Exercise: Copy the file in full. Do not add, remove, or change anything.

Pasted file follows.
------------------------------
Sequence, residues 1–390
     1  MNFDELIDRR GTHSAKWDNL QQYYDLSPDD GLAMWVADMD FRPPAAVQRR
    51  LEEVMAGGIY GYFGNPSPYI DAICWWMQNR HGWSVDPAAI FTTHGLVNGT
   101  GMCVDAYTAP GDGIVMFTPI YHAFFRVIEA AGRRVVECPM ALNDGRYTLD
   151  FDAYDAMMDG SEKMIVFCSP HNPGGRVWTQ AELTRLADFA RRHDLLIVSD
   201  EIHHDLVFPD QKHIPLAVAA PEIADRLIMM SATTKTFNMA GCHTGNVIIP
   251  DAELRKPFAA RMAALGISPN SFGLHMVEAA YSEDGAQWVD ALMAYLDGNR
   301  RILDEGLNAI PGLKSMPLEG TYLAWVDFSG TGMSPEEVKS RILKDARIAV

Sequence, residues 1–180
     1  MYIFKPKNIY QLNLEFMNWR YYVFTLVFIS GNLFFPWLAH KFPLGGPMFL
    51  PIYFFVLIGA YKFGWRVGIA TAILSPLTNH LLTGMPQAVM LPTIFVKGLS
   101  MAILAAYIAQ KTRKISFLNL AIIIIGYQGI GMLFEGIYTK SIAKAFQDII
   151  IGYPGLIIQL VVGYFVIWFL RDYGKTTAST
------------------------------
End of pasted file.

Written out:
Sequence, residues 1–390
     1  MNFDELIDRR GTHSAKWDNL QQYYDLSPDD GLAMWVADMD FRPPAAVQRR
    51  LEEVMAGGIY GYFGNPSPYI DAICWWMQNR HGWSVDPAAI FTTHGLVNGT
   101  GMCVDAYTAP GDGIVMFTPI YHAFFRVIEA AGRRVVECPM ALNDGRYTLD
   151  FDAYDAMMDG SEKMIVFCSP HNPGGRVWTQ AELTRLADFA RRHDLLIVSD
   201  EIHHDLVFPD QKHIPLAVAA PEIADRLIMM SATTKTFNMA GCHTGNVIIP
   251  DAELRKPFAA RMAALGISPN SFGLHMVEAA YSEDGAQWVD ALMAYLDGNR
   301  RILDEGLNAI PGLKSMPLEG TYLAWVDFSG TGMSPEEVKS RILKDARIAV

Sequence, residues 1–180
     1  MYIFKPKNIY QLNLEFMNWR YYVFTLVFIS GNLFFPWLAH KFPLGGPMFL
    51  PIYFFVLIGA YKFGWRVGIA TAILSPLTNH LLTGMPQAVM LPTIFVKGLS
   101  MAILAAYIAQ KTRKISFLNL AIIIIGYQGI GMLFEGIYTK SIAKAFQDII
   151  IGYPGLIIQL VVGYFVIWFL RDYGKTTAST